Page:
Matt Yglesias calls Joe Stack a tea party populist:
As you probably know, a white guy entranced by an extremely [sic] version of Tea Party-style right-populist paranoia deliberately crashed an airplane into an IRS building in Texas yesterday.
Ackerman goes further:
What Yglesias fails to understand is that the ideology Stack subscribed to is the problem. All across the country are sleeper cells preaching hatred of the tax code, gathering in public to denounce the results of a democratic election and sow the seeds of sectarian violence. They even have a major television network sympathetic to their sick agenda. The threat is there for all to see.
Steven Taylor counters, effectively:
[W]hile his anti-tax, anti-bailout rhetoric might fit broadly under the Tea Party rhetoric, his anti-George W. Bush, anti-religion, pro-health care reform rhetoric decidedly does not. As such, trying to associate him with “Tea Party-style right-populist paranoia” is unfair and incomplete.
Jonathan Capehart acknowledges that Stack is an ideological mutt but still uses him to whack the tea party activists:
Stack didn't like much of anything or anyone. He railed against President George W. Bush, Wall Street, insurance companies and capitalism, to name a few. That he ends his suicide note with an apparent nod to communism doesn't disprove the larger point. Stack was raging against a system he thought was unfair and contributed to his economic insecurity. There are extreme elements on the far right roiling with this same rage that must be called out before they root themselves further in a broader movement that has legitimate concerns about the federal government and the direction of the country. Michael Gerson does an excellent job of that today. Others must follow. We ignore others like Stack at our peril.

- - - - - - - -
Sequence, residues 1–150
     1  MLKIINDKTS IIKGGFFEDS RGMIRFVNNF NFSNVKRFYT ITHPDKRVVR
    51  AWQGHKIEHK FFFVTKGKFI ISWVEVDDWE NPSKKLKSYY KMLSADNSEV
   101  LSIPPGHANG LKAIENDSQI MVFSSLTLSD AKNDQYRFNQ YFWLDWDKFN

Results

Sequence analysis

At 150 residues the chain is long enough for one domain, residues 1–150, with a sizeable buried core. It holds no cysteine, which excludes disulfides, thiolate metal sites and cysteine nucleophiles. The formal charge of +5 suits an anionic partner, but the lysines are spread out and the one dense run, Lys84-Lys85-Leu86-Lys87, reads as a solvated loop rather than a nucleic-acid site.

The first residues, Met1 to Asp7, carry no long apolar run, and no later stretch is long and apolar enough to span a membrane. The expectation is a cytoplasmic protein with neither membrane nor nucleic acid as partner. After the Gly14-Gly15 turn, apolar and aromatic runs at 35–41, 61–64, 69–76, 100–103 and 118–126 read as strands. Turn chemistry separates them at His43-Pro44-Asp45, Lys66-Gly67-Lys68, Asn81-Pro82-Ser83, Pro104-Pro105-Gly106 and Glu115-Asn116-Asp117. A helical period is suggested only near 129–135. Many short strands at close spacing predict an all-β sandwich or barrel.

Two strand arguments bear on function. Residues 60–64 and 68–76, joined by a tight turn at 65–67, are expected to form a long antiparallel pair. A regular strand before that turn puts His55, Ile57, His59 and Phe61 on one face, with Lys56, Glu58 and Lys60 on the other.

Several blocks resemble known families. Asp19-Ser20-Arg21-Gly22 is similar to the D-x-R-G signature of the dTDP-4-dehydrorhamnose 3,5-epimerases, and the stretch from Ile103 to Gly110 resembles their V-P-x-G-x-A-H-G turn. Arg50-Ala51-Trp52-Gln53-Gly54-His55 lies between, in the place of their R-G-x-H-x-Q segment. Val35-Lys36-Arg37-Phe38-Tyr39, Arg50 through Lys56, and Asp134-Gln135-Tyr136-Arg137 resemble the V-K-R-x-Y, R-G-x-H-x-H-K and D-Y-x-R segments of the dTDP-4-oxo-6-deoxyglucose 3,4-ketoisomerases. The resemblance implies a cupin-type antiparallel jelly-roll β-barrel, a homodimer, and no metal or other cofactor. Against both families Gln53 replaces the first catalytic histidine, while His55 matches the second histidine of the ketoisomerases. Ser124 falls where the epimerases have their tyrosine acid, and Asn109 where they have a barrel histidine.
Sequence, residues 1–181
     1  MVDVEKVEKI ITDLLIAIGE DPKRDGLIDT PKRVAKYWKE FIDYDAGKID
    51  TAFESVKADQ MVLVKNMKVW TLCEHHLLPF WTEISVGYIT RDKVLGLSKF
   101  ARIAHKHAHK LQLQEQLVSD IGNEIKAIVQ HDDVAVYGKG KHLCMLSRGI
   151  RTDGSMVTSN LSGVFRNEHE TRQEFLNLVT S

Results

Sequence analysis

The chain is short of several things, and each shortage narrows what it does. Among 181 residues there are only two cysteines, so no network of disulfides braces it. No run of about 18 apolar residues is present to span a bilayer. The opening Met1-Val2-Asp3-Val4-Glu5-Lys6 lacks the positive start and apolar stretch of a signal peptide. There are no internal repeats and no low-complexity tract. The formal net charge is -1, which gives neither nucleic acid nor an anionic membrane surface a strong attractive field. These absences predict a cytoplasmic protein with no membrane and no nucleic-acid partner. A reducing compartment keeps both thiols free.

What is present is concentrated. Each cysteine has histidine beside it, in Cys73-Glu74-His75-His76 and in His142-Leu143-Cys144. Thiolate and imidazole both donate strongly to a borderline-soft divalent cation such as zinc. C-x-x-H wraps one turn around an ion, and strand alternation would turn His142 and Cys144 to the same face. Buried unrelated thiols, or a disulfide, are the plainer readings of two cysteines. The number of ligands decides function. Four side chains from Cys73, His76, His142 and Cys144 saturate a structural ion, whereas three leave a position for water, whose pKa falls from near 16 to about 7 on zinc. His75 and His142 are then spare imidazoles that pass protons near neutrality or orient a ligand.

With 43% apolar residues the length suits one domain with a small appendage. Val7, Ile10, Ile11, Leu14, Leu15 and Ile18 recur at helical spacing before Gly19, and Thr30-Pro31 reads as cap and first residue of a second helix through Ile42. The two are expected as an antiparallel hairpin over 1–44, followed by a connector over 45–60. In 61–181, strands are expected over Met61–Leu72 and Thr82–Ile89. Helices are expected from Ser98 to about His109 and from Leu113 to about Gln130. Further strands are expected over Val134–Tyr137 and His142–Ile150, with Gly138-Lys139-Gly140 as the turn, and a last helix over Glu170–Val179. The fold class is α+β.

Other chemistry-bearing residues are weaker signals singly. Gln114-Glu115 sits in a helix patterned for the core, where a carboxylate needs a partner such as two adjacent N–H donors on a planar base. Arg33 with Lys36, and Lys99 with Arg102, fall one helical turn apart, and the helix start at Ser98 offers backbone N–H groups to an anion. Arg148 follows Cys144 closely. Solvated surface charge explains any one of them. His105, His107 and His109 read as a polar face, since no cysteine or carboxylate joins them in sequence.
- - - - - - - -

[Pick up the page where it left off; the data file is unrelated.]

Note that he sees his violent response to his economic plight as a political act, a blow for freedom. I am certainly not advocating this course of action. But others start connecting at least some of the dots this way, seeing their financial stresses not as the result of bad luck or lack of sufficient effort, but as an indictment of the system. Given the breakdown of communities (for instance, the fall in involvement in local civic groups and shortened job tenures, both of which lead to weaker social ties and greater isolation), the odds that the disaffected will turn to violence is greater than in past periods of stress.
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